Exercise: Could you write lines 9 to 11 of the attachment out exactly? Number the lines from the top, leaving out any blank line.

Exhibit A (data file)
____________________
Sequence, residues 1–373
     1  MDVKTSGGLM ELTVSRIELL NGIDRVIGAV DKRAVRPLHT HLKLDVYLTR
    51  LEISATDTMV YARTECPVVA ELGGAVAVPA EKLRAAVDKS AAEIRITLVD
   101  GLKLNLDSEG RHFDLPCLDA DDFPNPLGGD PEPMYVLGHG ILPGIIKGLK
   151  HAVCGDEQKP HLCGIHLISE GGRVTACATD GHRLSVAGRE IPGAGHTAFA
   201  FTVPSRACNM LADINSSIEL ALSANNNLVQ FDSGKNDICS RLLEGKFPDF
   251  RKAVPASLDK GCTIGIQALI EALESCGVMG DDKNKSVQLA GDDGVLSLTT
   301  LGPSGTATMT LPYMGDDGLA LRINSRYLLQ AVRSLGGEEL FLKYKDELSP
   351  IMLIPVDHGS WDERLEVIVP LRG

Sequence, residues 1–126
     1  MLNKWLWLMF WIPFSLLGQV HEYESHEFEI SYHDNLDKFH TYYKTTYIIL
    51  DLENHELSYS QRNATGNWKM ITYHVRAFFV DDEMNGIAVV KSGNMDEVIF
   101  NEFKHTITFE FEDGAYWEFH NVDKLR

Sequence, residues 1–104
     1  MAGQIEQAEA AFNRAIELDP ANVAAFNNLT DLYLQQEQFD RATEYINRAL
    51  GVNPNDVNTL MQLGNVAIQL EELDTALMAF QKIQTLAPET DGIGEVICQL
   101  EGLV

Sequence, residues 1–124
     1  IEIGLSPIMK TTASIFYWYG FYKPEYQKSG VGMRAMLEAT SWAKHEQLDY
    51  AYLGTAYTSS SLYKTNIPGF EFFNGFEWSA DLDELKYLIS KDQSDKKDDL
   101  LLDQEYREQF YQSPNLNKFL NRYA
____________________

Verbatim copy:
   351  IMLIPVDHGS WDERLEVIVP LRG

Sequence, residues 1–126
     1  MLNKWLWLMF WIPFSLLGQV HEYESHEFEI SYHDNLDKFH TYYKTTYIIL